On Friday at the Heritage Foundation in Washington, DC, I attended the release event of their 2019 Index of Economic Freedom. Heritage, the nation’s preeminent conservative think tank, has been publishing its Index for 25 years.

The authors surveyed 180 countries, looking at things like tax burden, property rights, trade freedom, and regulatory efficiency.  They then assigned a score from 0-100. The average score is 60.8, which they say is the third-highest level in the 25 years of making their Index.

Let’s start with the bottom five countries:

  • Republic of Congo (39.7)
  • Eritrea (38.9)
  • Cuba (27.8)
  • Venezuela (25.9)
  • North Korea (5.9)

It’s probably easy to guess the bottom three, and very timely in the midst of the economic turmoil and widespread citizen revolt in Maduro’s Venezuela. It’s also a continued stinging rebuke to the Bernie Sanders’ and Alexandria Ocasio-Cortez’s of the world who peddle their sanitized version of socialism; the “Socialism WILL work if you just do it THIS way” crowd. Sadly, I don’t think the Heritage Index will sway their “Democratic Socialist” minds.

The top ten are as follows:

  • Hong Kong (90.2)
  • Singapore (89.4)
  • New Zealand (84.4)
  • Switzerland (81.9)
  • Australia (80.9)
  • Ireland (80.5)
  • United Kingdom (78.9)
  • Canada (77.7)
  • United Arab Emirates (77.6)
  • Taiwan (77.3)

The United States just missed the top ten, coming in 12th with a score of 76.8.  This is up six places from 2018, and every speaker at the release event credited President Trump with the increase.  They noted the nation’s low unemployment rate and the Administration’s dialing back and the outright elimination of regulatory burdens. They reminded the audience that when governments do less, companies do more, and that there’s no economic challenge that can’t be solved with free market solutions.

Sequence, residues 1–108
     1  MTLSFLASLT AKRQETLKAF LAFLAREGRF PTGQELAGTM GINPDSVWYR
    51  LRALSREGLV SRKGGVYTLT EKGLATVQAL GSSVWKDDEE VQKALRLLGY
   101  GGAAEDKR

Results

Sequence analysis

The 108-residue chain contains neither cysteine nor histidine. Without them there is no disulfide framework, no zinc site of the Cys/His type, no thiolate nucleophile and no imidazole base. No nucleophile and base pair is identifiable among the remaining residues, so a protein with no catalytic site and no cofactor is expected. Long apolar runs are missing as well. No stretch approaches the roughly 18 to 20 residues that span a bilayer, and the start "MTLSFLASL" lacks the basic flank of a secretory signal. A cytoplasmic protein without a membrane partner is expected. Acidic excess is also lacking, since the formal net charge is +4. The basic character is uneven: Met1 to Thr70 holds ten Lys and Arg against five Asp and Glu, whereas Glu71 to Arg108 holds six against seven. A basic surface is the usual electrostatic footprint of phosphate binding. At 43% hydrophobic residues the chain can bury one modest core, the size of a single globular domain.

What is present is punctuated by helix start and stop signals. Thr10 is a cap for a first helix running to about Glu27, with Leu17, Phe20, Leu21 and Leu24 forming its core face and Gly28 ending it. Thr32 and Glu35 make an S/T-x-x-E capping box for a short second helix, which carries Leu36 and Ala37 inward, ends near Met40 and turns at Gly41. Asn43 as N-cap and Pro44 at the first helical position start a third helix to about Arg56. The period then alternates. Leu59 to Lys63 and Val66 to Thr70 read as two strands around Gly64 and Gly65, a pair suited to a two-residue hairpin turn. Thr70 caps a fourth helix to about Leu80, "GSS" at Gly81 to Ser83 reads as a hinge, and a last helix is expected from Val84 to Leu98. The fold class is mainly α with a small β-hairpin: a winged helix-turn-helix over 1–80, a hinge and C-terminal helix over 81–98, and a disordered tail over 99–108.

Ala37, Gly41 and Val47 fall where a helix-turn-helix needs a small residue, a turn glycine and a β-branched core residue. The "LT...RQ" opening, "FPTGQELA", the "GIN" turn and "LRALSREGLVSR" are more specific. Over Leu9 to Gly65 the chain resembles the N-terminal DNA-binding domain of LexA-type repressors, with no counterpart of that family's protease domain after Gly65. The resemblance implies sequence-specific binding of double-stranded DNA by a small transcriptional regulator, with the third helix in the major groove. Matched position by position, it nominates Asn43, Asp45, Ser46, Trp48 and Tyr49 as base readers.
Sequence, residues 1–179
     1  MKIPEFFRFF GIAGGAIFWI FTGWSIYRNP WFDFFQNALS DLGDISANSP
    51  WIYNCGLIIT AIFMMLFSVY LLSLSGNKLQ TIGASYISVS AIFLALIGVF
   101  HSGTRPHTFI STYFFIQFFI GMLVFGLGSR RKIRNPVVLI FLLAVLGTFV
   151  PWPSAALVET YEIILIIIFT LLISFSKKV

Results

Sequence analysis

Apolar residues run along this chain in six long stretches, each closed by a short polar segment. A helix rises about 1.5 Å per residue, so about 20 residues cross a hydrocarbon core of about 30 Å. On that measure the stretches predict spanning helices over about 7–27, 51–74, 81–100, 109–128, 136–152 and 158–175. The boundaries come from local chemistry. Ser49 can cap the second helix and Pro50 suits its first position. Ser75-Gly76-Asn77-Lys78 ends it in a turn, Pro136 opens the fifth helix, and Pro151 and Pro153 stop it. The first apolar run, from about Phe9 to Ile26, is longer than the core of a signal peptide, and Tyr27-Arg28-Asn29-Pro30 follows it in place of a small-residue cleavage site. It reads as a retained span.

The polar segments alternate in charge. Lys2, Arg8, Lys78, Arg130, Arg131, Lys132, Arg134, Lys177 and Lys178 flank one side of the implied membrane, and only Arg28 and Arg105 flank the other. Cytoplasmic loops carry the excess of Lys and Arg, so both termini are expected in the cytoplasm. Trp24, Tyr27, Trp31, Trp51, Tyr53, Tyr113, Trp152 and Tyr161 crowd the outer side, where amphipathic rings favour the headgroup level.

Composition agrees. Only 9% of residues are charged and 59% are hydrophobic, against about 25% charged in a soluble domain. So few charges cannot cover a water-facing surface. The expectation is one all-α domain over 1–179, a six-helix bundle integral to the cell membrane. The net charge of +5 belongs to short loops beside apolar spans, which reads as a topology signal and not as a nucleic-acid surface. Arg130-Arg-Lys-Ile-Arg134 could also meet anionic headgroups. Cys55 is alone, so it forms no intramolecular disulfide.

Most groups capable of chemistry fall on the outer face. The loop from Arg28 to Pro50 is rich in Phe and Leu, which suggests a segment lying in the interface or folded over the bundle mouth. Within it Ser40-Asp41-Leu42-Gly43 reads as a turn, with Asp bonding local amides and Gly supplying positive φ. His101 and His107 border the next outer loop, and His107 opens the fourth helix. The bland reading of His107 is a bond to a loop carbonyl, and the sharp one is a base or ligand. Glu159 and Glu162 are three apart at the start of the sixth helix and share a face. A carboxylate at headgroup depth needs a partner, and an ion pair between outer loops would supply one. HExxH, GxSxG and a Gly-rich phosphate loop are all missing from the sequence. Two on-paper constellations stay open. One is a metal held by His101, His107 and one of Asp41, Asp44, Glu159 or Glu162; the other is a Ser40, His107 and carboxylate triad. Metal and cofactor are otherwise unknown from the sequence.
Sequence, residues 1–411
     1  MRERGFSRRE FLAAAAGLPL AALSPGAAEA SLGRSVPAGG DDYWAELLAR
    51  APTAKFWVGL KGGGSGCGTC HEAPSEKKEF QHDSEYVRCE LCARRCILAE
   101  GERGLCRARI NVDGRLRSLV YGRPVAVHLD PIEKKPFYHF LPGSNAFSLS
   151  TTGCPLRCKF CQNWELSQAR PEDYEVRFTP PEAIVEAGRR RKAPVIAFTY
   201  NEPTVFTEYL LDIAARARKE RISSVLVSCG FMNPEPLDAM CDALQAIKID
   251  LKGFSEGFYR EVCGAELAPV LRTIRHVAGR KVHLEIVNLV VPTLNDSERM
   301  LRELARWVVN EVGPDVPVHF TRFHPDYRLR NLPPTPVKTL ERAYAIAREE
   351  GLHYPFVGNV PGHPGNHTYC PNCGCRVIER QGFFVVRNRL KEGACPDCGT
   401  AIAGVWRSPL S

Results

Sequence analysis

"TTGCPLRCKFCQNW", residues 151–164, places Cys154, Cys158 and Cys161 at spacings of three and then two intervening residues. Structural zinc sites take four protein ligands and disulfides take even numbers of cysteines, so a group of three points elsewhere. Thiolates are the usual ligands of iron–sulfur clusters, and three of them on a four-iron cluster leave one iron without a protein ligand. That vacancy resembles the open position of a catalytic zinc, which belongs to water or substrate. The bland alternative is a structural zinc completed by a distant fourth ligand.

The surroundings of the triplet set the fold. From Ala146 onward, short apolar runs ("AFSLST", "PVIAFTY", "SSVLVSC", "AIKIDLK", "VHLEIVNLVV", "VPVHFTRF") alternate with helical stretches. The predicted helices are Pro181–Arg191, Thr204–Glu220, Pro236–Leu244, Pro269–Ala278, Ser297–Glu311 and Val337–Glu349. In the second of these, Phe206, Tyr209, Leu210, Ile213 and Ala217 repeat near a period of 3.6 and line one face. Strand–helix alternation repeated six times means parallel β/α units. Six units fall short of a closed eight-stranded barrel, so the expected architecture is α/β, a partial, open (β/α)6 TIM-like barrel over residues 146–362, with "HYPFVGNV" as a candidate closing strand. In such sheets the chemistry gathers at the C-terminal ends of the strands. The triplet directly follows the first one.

Some of the main findings in the Index include:

  • Citizens of “free” or “mostly free” countries enjoy incomes that are more than double the global average and more than six times higher than “repressed” economies.

  • The link between improvements in economic freedoms and economic growth is robust; expanded economic freedom has contributed to a doubling of world GDP in the years since the Index debuted in 1995.

  • People in economically free societies live longer, enjoy better health, can access higher-quality “social goods” such as education, and have the resources to become better stewards of the environment.

  • Greater economic freedom also correlates with more effective democratic governance and stronger rule of law.

The Index is an easy and fascinating read, filled with colorful charts and graphics. It also has a “Background” section on each of the countries, reminiscent of the World Almanac.  I learned things like that in April of last year, Swaziland was renamed Eswatini, there is a country also in Africa called Comoros, and Kazakhstan is the largest producer of uranium in the world.

To read the 2019 Index of Economic Freedom, download it free here.

The webcast of the release event is below:

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